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CRF Blog » Blog Archive » What the Thirties Tell Us About Today

CRF Blog

What the Thirties Tell Us About Today

by Bill Hayes

In the Weekly Standard, Matthew Continetti begins his article What the thirties tell us about today with this amazing story:

On December 13, 1931, there was a traffic accident in New York City. A man exited a cab on the Upper East Side and was crossing Fifth Avenue when he was hit by a car traveling around 35 miles an hour. The force of the impact threw the man to the pavement. He struck his head. Two of his ribs were cracked. A crowd formed around him; one of the witnesses hailed a taxi to take the man to the hospital. When he was admitted to Lenox Hill the doctors noted that he was bruised and battered but would make a full recovery. He had cheated death.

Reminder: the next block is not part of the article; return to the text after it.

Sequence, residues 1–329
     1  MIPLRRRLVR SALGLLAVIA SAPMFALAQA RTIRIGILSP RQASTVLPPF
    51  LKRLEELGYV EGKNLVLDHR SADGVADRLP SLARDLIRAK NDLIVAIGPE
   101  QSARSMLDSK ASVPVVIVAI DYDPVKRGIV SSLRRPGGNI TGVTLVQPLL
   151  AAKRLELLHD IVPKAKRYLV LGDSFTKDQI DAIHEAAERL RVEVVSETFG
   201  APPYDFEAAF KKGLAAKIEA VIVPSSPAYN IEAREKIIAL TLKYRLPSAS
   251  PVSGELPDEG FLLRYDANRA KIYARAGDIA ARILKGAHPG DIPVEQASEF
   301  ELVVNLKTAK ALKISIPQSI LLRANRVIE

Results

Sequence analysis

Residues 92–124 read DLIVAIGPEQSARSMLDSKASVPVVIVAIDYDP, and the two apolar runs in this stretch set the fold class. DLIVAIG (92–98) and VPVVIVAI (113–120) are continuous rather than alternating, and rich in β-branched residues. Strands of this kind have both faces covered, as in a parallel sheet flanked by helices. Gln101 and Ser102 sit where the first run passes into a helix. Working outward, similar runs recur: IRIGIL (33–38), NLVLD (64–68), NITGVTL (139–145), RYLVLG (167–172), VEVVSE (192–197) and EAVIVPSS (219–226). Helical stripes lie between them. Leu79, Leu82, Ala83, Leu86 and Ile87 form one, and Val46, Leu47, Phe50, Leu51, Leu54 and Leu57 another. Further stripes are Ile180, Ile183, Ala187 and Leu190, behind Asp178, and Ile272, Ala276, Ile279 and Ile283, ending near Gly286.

The patient remained in the doctors’ care for eight days. While he was there the driver who had struck him visited. The patient made it clear that the accident had been his own fault; the driver, an unemployed mechanic, had nothing to fear. The incident had occurred because the patient, an Englishman, had looked left as he crossed the street when he should have looked right. The grateful driver left the hospital carrying an autographed copy of the patient’s latest book. The New York Times wrote about the meeting the next day. The headline read, “Churchill Greets Driver Who Hit Him.”